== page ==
Actually now that you brought it up most (sub) …yeah yeah remote distribution (takes longer to type) panels are not labeled properly and in a emergency I would prefer to see a main breaker at living unit installations ,required or not.
All these years and I still do not fully comprehend the five throw rule.
Means 5 breakers or 5 swipes?
Five swipes would vary according to the size of your hand.(see can not even recall it is 6 ) 5 fingers makes it relate that way.
NEC 230.71 Maximum Number of Disconnects.
(A) General. The service disconnecting means for each service permitted by 230.2, or for each set of service-entrance conductors permitted by 230.40, Exception Nos. 1, 3, 4, or 5, shall consist of not more than six switches or sets of circuit breakers, or a combination of not more than six switches and sets of circuit breakers, mounted in a single enclosure, in a group of separate enclosures, or in or on a switchboard. There shall be not more than six sets of disconnects per service grouped in any one location. For the purpose of this section, disconnecting means used solely for power monitoring equipment, surge protective devices, or the control circuit of the ground-fault protection system or power-operable service disconnecting means, installed as part of the listed equipment, shall not be considered a service disconnecting means.
OK so if there are 30 breakers at a sub and the main panel near the service entry has 6 breakers all is good, if I once and for all understand this correctly once and for all here.
To restate : A main breaker is not required at the main panel or the sub.
The sub has zero requirements and no 6 throw rule applies.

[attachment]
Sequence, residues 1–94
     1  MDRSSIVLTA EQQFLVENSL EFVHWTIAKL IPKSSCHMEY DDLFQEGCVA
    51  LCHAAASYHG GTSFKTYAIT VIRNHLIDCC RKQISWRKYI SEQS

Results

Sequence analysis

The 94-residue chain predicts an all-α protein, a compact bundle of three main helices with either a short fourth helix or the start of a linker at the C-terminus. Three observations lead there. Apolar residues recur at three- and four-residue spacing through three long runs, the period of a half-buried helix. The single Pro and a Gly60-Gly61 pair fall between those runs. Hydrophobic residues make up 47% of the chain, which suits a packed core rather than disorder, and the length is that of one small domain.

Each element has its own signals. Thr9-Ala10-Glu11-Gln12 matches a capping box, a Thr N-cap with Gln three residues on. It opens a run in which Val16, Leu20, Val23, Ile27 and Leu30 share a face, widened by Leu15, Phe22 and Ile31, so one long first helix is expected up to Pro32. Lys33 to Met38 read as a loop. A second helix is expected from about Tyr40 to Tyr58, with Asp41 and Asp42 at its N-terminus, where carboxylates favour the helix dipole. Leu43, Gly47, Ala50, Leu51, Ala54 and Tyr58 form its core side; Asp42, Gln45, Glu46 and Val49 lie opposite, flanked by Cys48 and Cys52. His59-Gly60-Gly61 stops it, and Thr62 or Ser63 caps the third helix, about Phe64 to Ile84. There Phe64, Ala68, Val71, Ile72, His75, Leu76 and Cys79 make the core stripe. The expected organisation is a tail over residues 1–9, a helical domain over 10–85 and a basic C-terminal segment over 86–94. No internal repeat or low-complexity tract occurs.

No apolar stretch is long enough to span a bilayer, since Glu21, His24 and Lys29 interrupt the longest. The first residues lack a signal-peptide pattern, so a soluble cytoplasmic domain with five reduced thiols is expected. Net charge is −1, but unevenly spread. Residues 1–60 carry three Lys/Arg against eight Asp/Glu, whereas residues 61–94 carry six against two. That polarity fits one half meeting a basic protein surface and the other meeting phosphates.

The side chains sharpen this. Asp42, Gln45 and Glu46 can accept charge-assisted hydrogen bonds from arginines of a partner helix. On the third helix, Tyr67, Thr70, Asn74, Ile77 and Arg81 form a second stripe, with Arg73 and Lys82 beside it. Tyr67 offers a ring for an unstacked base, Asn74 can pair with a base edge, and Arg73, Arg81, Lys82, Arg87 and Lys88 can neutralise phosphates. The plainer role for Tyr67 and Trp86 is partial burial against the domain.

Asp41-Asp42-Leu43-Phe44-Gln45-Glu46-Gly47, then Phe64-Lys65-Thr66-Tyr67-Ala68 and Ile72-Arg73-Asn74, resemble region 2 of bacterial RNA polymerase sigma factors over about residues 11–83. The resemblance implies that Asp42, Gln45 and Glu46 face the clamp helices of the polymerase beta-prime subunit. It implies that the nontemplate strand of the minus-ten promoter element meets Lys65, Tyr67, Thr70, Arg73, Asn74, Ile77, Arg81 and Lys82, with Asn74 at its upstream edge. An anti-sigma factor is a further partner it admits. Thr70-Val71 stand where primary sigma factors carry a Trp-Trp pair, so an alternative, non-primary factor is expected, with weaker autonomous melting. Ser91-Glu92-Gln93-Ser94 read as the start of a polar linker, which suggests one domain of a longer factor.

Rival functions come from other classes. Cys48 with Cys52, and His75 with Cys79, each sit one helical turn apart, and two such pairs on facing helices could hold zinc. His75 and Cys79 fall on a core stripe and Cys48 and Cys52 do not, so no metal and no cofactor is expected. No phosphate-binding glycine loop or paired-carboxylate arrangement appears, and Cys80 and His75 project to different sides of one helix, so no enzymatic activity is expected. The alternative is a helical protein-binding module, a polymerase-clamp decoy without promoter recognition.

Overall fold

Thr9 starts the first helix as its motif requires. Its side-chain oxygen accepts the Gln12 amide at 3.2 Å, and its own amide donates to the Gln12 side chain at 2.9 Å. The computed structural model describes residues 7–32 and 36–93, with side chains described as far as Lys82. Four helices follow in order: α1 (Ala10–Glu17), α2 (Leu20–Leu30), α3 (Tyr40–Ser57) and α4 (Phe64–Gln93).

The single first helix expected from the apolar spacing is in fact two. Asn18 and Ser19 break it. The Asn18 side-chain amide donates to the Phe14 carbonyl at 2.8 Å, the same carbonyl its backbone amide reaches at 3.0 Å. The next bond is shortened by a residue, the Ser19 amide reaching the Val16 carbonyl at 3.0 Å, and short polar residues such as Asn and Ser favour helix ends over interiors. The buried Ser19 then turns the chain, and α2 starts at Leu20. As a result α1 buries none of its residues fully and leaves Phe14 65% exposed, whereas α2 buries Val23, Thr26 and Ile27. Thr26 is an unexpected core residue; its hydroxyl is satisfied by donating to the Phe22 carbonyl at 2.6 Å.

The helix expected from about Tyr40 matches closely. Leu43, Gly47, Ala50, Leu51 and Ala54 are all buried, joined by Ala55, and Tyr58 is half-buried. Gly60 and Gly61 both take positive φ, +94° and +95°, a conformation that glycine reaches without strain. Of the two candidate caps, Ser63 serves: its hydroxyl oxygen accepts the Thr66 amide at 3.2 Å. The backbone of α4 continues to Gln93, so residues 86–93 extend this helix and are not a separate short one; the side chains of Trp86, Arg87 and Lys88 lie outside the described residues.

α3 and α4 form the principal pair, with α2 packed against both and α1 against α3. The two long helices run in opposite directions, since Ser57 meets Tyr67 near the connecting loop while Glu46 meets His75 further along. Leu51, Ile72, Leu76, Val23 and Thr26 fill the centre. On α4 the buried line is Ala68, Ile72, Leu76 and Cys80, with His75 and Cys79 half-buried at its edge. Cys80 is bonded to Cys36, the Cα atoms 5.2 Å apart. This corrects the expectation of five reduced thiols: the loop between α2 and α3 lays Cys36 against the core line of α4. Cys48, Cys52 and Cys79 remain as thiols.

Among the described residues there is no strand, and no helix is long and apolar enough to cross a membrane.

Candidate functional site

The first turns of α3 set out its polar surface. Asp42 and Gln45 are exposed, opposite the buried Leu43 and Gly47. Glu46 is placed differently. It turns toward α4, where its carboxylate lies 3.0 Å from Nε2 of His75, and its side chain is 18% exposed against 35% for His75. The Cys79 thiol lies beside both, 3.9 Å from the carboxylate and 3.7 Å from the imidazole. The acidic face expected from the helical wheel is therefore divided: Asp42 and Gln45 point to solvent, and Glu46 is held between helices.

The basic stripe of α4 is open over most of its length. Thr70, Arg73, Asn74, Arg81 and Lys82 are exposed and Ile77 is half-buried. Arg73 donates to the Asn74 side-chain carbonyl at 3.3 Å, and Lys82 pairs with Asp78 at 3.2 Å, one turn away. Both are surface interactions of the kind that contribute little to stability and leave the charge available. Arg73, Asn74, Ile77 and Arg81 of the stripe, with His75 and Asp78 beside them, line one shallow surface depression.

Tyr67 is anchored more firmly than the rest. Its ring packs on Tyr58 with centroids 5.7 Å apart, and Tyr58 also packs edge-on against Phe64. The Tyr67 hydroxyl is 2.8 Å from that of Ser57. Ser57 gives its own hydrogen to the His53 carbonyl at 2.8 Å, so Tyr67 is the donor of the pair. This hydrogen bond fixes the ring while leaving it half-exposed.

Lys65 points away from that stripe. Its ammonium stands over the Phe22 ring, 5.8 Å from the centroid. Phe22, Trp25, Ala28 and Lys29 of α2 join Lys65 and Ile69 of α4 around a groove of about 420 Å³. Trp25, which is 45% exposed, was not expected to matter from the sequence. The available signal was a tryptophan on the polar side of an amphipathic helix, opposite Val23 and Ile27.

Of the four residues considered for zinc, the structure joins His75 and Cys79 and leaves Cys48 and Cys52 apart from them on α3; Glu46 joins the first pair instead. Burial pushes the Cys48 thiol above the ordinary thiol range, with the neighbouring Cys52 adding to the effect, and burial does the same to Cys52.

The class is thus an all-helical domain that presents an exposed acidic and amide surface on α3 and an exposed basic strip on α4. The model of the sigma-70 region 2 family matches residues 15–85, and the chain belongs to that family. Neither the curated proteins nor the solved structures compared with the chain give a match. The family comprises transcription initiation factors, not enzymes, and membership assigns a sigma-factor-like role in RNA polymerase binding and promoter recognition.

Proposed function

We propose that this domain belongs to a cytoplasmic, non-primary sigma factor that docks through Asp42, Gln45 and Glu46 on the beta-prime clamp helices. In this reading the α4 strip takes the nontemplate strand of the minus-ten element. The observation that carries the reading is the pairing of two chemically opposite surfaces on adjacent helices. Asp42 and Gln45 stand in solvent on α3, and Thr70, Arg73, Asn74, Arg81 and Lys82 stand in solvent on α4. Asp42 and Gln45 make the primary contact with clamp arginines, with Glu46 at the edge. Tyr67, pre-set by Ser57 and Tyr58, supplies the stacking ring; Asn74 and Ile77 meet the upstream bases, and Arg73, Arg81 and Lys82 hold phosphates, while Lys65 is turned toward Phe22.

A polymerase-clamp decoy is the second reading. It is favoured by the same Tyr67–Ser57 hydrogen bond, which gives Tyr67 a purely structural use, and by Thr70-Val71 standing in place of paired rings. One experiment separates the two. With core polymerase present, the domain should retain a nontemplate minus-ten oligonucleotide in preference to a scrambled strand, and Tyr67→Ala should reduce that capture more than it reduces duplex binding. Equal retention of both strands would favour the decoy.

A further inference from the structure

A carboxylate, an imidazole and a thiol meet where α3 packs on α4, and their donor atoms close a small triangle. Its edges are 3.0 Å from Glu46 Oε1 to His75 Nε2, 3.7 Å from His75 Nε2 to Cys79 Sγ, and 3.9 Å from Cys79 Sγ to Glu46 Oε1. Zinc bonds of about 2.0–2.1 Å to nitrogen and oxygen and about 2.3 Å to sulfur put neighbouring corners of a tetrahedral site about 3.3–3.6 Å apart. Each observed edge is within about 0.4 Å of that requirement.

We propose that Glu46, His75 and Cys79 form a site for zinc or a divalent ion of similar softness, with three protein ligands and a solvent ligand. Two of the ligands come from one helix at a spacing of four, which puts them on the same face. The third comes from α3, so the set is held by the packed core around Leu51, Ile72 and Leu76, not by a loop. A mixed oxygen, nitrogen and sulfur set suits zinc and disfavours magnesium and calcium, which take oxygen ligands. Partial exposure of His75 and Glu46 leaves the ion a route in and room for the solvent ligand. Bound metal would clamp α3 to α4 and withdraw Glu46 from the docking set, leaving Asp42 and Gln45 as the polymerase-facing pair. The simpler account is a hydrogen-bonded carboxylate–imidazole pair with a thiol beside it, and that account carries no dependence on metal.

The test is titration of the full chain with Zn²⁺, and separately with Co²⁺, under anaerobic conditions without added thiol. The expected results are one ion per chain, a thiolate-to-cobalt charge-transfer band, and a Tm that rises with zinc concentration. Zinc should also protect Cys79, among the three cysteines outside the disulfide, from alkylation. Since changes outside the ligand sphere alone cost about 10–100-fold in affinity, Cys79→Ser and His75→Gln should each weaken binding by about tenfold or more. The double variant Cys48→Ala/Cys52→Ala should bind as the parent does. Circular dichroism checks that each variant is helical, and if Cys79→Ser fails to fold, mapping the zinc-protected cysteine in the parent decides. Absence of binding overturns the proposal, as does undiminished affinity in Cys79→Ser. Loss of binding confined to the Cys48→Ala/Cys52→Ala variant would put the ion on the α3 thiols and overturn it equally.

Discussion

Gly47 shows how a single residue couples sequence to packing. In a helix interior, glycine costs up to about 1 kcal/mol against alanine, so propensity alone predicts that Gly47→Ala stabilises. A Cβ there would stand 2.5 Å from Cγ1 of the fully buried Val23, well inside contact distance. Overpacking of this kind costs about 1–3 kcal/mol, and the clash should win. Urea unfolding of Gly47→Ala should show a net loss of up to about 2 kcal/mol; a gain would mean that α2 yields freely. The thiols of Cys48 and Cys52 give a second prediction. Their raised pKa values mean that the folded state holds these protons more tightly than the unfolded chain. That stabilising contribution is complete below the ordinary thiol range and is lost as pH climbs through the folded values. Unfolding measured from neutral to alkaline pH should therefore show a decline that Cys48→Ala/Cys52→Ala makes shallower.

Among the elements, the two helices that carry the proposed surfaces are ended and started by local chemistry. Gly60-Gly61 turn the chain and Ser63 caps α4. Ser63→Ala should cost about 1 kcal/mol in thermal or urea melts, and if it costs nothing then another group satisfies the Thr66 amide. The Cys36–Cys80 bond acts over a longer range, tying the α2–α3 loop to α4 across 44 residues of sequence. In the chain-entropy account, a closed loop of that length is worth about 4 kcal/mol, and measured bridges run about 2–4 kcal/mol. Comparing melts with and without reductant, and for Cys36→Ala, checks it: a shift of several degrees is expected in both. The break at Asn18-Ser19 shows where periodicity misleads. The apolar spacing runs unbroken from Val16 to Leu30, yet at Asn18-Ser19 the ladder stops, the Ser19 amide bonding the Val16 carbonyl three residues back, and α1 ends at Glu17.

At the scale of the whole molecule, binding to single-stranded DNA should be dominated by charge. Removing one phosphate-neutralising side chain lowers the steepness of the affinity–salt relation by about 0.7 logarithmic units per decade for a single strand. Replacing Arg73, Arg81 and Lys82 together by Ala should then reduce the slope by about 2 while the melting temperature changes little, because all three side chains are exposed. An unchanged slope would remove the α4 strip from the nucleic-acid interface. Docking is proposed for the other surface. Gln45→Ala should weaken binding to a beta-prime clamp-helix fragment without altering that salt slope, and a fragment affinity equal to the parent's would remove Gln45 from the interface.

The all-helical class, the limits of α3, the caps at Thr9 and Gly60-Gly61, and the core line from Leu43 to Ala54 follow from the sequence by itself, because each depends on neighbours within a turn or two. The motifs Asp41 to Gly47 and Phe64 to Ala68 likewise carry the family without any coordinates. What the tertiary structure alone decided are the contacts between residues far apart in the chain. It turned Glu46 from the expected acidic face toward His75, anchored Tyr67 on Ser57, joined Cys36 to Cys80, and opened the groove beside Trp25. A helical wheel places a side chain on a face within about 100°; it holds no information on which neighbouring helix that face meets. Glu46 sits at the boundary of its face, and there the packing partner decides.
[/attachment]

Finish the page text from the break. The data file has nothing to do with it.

The main panel also is not required to have a main breaker but the six throw rule does apply.
The confusion sets in because of the term throw rather than breaker.
Sure a double is technically a set or pair but we think of a double as one on the practice side of things.
Sorry to digress but we do say things such as “you have two double breakers” rather than “oh you have 4 breakers with two sets of tie bars”
Bob, there are several issues above. As Jeff stated the panel does not require a disconnect. It is the building that requires the disconnect. This is commonly supplied at the panel or a standalone disconnect.
A remote panel in an attached structure does not require a disconnect means. If in a detached structure it would need to fall under the 6 throws or less or it needs a main.
OK ,assuming you are correct I now have it exactly correct which actually is what I always thought.
Sorry to bust nuts but the subject can be confusing due to the mis information in many posts I have seen and from others .
Jeff, I disagree with some of your answers to Bob E. Without additional qualifications your answers could be correct or incorrect.
Also the issue of the disconnect being in many panels is the disconnect means for the building. Your answer makes it seem like there may not be a means of disconnect. It all depends on the terminology.